A majority of Americans support restricting the freedoms of people who have not taken a coronavirus vaccine, according to a Reuters/Ipsos survey released this week.
According to the survey, taken March 8-9, 2021, among 1,005 respondents, 72 percent view it as at least somewhat important to know if the people around them have been vaccinated for COVID-19.
The survey listed a series of scenarios for everyday activities — including traveling on an airplane, enrolling in school, working out at the gym — and asked respondents to indicate if they agree that individuals should be required to be vaccinated before engaging in such activities.
Sixty-three percent of all respondents, for example, indicated they either “somewhat” or “strongly” agree with requiring people to get the vaccine before traveling on an airplane, compared to 32 percent who generally disagreed.
Similarly, a majority of respondents, or 59 percent, said people should be required to get a vaccine before enrolling in school. Democrats are far more likely to agree with that sentiment than Republicans, 76 percent to the GOP’s 44 percent.
Fifty-four percent also indicated they agree with requiring someone to get a vaccine before working out at a gym. That includes 30 percent who “strongly” agree. A plurality of Republicans, 49, disagree, compared to the 44 percent who agree and seven percent who say they remain unsure.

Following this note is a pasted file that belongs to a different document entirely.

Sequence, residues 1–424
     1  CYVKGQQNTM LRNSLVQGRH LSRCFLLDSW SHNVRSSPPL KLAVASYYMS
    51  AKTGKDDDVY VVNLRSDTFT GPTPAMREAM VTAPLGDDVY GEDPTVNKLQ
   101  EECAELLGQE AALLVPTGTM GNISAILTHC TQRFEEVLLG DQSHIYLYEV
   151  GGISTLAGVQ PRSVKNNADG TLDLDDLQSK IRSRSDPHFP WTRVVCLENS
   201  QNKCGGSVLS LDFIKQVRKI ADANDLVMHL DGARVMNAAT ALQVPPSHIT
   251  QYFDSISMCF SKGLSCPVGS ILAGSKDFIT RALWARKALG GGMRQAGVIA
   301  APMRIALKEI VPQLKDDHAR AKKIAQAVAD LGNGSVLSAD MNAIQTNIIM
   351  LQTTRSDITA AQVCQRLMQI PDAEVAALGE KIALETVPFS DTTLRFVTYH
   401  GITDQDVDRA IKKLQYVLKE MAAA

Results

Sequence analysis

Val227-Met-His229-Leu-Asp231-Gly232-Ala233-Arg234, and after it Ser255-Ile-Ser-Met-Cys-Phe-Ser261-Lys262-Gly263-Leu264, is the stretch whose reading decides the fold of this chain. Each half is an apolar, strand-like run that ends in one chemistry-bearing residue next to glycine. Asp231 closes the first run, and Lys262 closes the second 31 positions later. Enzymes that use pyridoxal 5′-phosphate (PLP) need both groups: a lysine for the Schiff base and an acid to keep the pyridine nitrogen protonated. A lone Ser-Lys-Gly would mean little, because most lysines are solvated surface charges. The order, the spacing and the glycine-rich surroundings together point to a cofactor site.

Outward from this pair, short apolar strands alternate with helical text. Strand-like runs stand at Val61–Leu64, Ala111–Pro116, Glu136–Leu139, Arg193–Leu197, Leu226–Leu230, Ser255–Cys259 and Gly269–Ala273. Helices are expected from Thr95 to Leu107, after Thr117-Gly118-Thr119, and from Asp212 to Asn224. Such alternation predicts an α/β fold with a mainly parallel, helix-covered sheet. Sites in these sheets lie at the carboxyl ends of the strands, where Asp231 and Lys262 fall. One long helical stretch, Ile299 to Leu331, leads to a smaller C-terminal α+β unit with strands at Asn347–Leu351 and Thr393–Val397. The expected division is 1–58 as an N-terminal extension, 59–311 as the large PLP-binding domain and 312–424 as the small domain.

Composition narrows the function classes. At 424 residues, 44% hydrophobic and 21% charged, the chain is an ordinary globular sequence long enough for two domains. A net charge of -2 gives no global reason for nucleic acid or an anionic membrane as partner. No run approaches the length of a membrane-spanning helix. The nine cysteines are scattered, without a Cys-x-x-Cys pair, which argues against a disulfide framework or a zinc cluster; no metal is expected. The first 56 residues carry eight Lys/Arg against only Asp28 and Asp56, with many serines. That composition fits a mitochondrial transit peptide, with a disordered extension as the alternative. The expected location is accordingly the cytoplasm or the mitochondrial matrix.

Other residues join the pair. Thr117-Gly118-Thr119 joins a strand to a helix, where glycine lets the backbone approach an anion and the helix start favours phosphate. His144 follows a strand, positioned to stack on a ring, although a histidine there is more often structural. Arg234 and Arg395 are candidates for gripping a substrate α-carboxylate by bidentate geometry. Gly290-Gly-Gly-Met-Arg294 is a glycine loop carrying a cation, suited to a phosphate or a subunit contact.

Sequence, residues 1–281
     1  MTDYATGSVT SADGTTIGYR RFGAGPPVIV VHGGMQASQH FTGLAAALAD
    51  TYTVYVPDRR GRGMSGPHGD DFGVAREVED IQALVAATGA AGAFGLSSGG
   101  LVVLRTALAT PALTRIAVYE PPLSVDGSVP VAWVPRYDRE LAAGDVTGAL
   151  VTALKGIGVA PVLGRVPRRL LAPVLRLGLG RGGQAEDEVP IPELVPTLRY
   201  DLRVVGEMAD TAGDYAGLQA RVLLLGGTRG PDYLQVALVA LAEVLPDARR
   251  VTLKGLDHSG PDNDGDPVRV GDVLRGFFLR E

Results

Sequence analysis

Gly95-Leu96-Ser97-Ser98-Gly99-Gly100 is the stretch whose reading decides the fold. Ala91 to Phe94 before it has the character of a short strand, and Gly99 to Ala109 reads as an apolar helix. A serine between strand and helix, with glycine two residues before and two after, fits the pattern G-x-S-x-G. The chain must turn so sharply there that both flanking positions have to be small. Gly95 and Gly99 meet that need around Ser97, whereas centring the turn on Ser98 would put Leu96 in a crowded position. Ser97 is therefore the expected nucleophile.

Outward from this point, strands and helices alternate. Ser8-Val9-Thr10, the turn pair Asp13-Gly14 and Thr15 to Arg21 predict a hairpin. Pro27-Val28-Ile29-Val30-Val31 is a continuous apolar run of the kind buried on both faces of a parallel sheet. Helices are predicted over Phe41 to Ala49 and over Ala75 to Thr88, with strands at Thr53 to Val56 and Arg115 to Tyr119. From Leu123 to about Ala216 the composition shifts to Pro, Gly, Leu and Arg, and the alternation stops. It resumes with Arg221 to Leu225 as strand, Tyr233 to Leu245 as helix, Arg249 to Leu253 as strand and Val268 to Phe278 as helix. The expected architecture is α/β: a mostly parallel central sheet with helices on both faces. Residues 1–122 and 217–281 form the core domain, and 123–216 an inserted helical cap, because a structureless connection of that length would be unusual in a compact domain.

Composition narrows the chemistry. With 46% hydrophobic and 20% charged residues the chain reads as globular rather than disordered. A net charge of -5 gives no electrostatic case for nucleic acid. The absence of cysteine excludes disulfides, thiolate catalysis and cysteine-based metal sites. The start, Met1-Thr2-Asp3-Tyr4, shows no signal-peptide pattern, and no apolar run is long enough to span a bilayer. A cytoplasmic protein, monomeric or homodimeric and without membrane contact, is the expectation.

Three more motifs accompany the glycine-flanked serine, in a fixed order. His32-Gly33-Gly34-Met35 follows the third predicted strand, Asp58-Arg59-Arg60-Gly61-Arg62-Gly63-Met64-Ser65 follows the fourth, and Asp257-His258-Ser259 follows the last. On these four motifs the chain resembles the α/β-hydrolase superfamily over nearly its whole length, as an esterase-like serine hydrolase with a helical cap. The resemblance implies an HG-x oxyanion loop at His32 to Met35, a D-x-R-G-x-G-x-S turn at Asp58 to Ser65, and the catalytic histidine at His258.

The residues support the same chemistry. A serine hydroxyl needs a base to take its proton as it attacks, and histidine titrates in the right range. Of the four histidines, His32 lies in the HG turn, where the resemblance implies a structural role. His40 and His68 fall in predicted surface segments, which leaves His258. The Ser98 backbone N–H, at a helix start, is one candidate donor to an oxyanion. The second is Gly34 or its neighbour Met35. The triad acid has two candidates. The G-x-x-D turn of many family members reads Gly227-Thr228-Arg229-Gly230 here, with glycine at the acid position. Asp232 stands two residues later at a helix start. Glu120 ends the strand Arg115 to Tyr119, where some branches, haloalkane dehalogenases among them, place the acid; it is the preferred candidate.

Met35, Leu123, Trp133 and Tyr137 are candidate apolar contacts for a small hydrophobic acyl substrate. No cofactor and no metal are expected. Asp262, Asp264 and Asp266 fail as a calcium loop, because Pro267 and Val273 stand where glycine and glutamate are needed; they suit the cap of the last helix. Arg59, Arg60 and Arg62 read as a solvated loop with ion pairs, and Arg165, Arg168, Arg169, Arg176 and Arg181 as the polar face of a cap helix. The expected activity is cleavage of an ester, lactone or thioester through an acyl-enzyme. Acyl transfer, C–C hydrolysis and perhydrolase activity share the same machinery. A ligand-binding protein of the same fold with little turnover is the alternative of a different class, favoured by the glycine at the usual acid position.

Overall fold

Additionally, 56 percent expressed the view the people should receive a vaccinate to work in an office, as well as attend a concert or go to a theater.
The survey’s margin of error for all respondents is +/- 4 percent.
President Joe Biden announced during Thursday’s primetime address, which marked the one-year anniversary of the Chinese coronavirus pandemic, that all U.S. adults will be eligible for vaccination by May 1.
“That’s much earlier than expected,” he said, clarifying it does not mean the shots will come immediately.The White House
“It means you’ll be able to get in line beginning May 1. Every adult will be eligible to get their shot. And to do this, we’re going to go from a million shots a day that I promised in December before I was sworn in, to maintaining, beating our current pace of 2 million shots a day, outpacing the rest of the world,” he added.
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